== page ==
Four-time world champion Carl Froch announced his retirement from boxing on Tuesday after over a year out of the ring and said: "I think the desire has gone."

Super middleweight Froch, nicknamed The Cobra, twice won the WBC title, as well as taking the WBA and IBF belts, during a highly successful career.

The 38-year-old Nottingham fighter won 33 of his 35 fights, with 24 of those coming by knock-out.

He defeated arch-rival George Groves in a Wembley Stadium re-match which turned out to be his final fight in May of last year.

Froch said: "I'm incredibly proud of what I have achieved in boxing but now is the right moment to hang up my gloves.

"I have nothing left to prove and my legacy speaks for itself.

"I've got no regrets. I'm not retiring undefeated but in many ways that's better because I've boxed everybody, I've faced every challenge.

"So many athletes, not just boxers, don't get their defining moment. I've probably had seven or eight defining moments, but the biggest and best was on the platform of Wembley Stadium in front of 80,000 fans. It was amazing and to get that defining moment is enough."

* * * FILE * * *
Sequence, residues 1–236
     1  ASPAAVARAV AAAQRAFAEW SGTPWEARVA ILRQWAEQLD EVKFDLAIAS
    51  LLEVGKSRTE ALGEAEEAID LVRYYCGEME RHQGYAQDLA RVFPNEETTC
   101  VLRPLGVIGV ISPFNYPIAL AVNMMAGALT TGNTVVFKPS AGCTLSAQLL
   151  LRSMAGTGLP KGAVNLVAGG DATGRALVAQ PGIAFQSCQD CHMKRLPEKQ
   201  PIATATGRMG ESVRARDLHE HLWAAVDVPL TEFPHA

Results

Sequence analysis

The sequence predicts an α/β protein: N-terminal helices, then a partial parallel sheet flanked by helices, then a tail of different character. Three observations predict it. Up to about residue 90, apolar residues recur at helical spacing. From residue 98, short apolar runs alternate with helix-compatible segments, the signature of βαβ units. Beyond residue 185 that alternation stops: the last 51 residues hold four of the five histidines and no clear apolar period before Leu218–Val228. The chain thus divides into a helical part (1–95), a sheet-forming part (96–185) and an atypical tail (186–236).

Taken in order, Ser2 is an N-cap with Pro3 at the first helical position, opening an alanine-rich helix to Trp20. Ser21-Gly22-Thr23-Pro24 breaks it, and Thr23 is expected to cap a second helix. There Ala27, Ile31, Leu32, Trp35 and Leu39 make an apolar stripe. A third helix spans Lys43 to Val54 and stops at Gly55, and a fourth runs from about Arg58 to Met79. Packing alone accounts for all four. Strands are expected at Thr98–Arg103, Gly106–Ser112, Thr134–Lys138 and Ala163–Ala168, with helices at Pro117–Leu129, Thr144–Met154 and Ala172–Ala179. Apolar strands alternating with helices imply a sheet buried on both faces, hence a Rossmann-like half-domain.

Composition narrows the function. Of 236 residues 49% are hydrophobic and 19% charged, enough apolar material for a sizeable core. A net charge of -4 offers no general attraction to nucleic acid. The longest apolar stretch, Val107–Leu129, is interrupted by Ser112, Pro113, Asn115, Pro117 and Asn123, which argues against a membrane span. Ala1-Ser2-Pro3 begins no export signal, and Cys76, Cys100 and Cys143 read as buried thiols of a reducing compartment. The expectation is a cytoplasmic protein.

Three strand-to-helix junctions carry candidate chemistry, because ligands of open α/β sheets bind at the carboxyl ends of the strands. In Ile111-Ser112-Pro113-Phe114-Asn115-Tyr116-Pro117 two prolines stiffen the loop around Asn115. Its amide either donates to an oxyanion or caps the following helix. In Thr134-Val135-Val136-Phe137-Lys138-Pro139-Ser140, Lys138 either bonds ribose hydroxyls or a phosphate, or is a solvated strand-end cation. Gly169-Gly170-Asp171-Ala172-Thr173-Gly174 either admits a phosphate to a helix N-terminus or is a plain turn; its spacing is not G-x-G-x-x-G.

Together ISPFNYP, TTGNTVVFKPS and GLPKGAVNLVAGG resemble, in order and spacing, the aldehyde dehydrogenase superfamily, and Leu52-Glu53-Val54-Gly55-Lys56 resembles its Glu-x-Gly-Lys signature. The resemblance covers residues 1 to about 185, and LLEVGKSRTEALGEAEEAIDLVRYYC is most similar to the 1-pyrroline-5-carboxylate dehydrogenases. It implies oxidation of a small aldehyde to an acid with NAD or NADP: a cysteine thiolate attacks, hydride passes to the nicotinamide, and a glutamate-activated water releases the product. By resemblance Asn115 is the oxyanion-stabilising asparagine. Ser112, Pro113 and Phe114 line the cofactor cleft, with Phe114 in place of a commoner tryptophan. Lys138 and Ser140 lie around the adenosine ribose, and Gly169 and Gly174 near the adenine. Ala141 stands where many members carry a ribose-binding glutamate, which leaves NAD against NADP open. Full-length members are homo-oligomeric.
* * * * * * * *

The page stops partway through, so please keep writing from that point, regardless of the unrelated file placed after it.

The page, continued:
Froch has called it a day in the ring. Credit: PA

Froch, who will become a boxing pundit, told Sky Sports News: "If I could fight again physically I would, but mentally I'm not sure. I think the desire has gone.

"There will always be options and it's never going to stop. There's always going to be somebody next in line or ready to try to take my scalp.

"And if that's never going to go away, at what point do you say, 'Right, now is the time to retire', based on challengers and opponents?

"You can't wait for that, it's got to be from within here, and as much as it hurts, and as hard as it is for me, and even making the decision to retire and saying it's been a year, it's too long, the fighting machine has gone, it's not going to come back, it's still hard.

"The last thing I think about before my head hits the pillow is boxing, and when I wake up in the morning to think what time it is, and I think it's half six, seven o'clock, should I be going for a run, where's my trainers - it's a lifestyle, a way of life, and it's a mindset. I'll always have that and I think I'll always be itching for the big fight."